The research portion of the Sharpe experience provides students the bridge between academics and effective, real-world action.
The first half of a Sharpe Scholar's freshman year is devoted to learning the tools of ethical community-based research. The second half is devoted to developing that research. In the Sharpe Seminars, Scholars work together to study a specific community issue. They also work with community partners to ground their research in the real world. The goal is to plan a research project that will inform decisions and actions that address the issue.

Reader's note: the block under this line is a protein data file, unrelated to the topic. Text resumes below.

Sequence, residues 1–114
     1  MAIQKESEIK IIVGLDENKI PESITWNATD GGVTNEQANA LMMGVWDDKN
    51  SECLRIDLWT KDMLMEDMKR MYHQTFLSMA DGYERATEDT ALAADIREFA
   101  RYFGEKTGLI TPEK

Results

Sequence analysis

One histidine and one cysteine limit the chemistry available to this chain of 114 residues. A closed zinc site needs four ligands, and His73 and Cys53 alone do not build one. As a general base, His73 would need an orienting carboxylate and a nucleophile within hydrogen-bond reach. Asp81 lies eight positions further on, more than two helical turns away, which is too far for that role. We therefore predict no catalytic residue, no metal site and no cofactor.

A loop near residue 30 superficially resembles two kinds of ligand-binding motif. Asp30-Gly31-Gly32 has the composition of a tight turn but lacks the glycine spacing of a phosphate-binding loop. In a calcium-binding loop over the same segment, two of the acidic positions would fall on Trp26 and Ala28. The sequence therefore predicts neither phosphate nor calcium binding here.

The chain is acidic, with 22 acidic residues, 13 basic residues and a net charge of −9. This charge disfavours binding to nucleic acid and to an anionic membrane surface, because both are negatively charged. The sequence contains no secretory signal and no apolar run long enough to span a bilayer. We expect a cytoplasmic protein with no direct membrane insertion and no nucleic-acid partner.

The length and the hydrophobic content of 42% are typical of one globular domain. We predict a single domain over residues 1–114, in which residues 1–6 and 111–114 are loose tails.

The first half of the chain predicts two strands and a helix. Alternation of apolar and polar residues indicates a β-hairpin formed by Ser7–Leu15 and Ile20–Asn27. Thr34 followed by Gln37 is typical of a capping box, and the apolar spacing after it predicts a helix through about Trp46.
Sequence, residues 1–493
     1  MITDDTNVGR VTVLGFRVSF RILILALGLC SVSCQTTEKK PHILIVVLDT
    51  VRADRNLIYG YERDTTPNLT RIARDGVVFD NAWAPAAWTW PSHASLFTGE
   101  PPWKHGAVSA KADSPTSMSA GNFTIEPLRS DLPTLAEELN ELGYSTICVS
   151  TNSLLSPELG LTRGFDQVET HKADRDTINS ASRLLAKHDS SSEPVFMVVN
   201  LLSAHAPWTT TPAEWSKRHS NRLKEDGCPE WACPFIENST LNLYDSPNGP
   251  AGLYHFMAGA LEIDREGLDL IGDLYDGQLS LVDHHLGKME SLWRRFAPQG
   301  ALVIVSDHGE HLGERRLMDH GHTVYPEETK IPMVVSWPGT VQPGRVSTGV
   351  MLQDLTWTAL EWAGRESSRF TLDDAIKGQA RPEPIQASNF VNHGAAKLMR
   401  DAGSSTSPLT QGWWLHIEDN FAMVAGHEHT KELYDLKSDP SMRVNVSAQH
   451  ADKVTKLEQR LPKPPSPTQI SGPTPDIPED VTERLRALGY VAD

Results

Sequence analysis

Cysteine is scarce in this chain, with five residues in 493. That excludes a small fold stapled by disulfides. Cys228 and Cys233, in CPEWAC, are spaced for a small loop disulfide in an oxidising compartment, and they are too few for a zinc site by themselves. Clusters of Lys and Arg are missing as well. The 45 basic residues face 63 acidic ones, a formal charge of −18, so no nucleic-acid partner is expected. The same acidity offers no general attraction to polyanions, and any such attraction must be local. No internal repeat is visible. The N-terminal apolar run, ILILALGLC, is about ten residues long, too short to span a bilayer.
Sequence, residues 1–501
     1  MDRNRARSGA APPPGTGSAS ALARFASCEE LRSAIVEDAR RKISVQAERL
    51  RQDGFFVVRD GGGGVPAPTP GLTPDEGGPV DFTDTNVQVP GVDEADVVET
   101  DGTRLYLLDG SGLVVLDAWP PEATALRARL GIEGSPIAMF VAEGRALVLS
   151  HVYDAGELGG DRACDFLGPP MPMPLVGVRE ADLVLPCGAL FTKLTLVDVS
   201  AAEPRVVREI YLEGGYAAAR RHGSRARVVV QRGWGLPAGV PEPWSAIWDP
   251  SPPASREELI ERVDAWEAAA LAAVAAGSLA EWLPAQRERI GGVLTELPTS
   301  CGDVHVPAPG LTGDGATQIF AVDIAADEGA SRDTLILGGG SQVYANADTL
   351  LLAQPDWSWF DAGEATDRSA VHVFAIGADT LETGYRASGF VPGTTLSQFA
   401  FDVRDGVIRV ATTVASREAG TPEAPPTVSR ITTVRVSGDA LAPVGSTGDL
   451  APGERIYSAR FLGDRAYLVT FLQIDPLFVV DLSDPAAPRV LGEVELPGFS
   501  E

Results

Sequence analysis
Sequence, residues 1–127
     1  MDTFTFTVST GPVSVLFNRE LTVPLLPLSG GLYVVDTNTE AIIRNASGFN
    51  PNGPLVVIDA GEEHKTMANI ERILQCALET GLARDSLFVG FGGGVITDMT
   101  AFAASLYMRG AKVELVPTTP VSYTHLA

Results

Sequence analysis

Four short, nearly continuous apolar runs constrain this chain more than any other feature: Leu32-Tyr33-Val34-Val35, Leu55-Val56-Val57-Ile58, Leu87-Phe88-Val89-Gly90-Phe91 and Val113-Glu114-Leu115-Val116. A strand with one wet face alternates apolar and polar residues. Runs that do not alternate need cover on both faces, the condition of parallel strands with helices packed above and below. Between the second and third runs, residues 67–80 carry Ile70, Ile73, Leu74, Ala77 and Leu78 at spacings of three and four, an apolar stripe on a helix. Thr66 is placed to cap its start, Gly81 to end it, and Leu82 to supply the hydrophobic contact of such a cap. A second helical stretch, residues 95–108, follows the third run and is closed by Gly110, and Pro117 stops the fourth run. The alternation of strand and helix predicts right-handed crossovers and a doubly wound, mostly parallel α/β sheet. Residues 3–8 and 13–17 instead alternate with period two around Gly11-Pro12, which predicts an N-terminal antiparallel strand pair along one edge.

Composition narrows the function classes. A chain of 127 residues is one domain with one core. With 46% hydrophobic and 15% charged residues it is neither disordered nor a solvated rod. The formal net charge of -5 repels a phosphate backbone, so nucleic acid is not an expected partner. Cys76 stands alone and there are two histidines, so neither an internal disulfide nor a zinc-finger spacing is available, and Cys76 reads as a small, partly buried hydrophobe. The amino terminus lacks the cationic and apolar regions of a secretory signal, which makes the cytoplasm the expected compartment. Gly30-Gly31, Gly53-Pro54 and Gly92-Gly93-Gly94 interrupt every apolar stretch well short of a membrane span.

While many freshman projects do not go beyond the planning phase, several scholars have taken them to the next step. Some students want to continue their Sharpe project beyond the first year. Others want to test their new skills on their personal research. Those students may compete for summer research grants. These grants are to support the student financially for 7 weeks of full-time research over the course of one summer.
Some Scholars find that their freshman experience colors their entire academic career. They may use their Sharpe experience to conduct a community-based Honors Project. Or they might use the insights they gain to plan a study abroad experience.